It was a premonition and the polls already suggested it: the rise of Donald Trump has caused a clear deterioration of the political discourse in the United States. Researchers now have the data to prove that.
By collecting and analyzing almost a quarter of a billion quotes from politicians from millions of articles published over more than a decade, Swiss researchers have identified a clear trend.
In June 2015, the month Donald Trump launched his first presidential campaign, the data showed “a sharp increase in negativity, and after that the negativity remained high,” says the study’s lead researcher, Robert West.
The real estate magnate campaigned by attacking Muslims, mocking a disabled journalist and describing the media as enemies of the people. He also made disparaging comments about women and suggested that political violence was acceptable and even desirable.
That rhetoric became commonplace and has since been normalized, partly because Donald Trump’s four years as president have not prompted him to change his tone.
Robert West, assistant professor at the Laboratory of Data Sciences of the Swiss Federal Institute of Technology, was fascinated by the polls about an increasingly negative political discourse, which Donald Trump – in the White House from 2016 to 2020 and candidate for a new term in 2024 – pinpoint as the main culprit.
Robert West, however, was not satisfied with intuition. “We are data scientists, so we wondered: can we check whether the data actually says the same thing?”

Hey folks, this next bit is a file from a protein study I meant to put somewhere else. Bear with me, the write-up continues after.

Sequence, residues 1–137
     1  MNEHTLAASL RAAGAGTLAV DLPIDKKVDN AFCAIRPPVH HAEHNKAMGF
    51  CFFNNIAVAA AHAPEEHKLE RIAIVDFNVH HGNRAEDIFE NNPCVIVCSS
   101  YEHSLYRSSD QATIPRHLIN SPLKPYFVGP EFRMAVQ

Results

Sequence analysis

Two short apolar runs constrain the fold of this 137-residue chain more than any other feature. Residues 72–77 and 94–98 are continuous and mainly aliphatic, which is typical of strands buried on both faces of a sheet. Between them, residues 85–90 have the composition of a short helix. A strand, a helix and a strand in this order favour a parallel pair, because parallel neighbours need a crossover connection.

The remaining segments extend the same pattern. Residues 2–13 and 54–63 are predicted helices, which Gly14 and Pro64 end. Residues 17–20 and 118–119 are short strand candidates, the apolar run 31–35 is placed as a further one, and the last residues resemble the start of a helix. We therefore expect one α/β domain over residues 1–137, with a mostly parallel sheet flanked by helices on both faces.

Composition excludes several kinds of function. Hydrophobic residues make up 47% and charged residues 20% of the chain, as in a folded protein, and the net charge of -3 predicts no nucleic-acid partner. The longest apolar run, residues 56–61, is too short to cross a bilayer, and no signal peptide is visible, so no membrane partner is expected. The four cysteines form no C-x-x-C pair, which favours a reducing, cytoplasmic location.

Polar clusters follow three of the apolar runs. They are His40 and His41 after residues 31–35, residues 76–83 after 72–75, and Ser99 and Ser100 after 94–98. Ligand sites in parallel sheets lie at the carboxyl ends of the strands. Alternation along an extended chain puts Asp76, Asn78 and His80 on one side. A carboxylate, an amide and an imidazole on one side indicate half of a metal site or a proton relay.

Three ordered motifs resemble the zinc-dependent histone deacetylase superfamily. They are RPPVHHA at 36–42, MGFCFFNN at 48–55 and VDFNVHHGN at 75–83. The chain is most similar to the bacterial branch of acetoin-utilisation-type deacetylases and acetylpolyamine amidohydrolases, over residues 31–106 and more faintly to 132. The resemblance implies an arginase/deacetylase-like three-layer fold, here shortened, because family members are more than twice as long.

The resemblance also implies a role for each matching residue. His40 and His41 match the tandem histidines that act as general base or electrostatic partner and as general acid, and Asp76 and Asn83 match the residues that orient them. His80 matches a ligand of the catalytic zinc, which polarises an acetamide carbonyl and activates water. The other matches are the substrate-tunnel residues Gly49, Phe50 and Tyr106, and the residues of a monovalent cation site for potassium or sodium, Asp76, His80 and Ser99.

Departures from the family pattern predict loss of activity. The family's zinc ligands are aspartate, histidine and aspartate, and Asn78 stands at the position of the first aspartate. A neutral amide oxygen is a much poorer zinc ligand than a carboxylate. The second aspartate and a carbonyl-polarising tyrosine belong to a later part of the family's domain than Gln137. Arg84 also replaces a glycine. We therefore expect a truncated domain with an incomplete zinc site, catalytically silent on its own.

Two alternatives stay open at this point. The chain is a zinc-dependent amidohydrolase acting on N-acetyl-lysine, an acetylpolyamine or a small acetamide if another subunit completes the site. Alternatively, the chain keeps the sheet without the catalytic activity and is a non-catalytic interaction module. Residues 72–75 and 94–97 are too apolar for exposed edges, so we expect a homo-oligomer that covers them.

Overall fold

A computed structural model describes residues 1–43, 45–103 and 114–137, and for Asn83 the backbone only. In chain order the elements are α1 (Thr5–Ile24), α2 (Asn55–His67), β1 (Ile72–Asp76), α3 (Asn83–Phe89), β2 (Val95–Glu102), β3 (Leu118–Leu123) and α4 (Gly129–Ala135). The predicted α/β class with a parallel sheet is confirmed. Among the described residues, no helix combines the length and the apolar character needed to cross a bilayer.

To answer that question, West and his team first had to build a gigantic database, the Quotebank. It contains a corpus of 235 million unique quotes from 127 million online press articles published between 2008 and 2020, allowing the researchers to conduct a detailed analysis of the tone of American politicians’ public language.
Trump, the great scapegoat
According to West, during Barack Obama’s term in office, from 2009 to 2016, the frequency of words conveying negative emotions in political discourse steadily declined. But in June 2015, when Trump launched his campaign, negativity rose 8 percent from the baseline of the previous seven years.
“That is actually a huge leap,” notes the researcher. “And that happened the month that Trump started his campaign, so it’s a sign that Trump could be a major factor in this.”
There is another indicator that Trump himself is “one of the main culprits behind this negativity,” West said. “If you remove the Donald Trump quotes, the size of the jump decreases by 40 percent,” he says.
But even without Donald Trump’s quotes, the political discourse remains clearly more negative. “The entire system has become fundamentally more negative,” the researcher explains. According to West, it is interesting that negativity did not only increase when Donald Trump was campaigning. “That first increase was not just the result of a toxic (election) campaign,” he emphasizes. “It actually lasted four years, (…) his entire presidency.”
There was also a further increase in negativity from mid-2019, at the end of the race for the White House between Donald Trump and Joe Biden.
American democracy in trouble
West’s team, which has had no new data since 2020, is looking for new partners such as Google or news agencies to fill its Quotebank with fresh data.
But even without that data, West believes the results of his study could show that American democracy is in trouble. “You have to know the symptoms to cure the disease.”
WATCH ALSO. Donald Trump compares himself to Nelson Mandela
ANALYSIS. Forget the Capitol storming. The real coup in the US is now being planned (+)
ANALYSIS. Trump’s comeback as president seems more likely by the day: what should the Democrats do now? (+)
Free unlimited access to Showbytes? Which can!
Log in or create an account and never miss anything from the stars.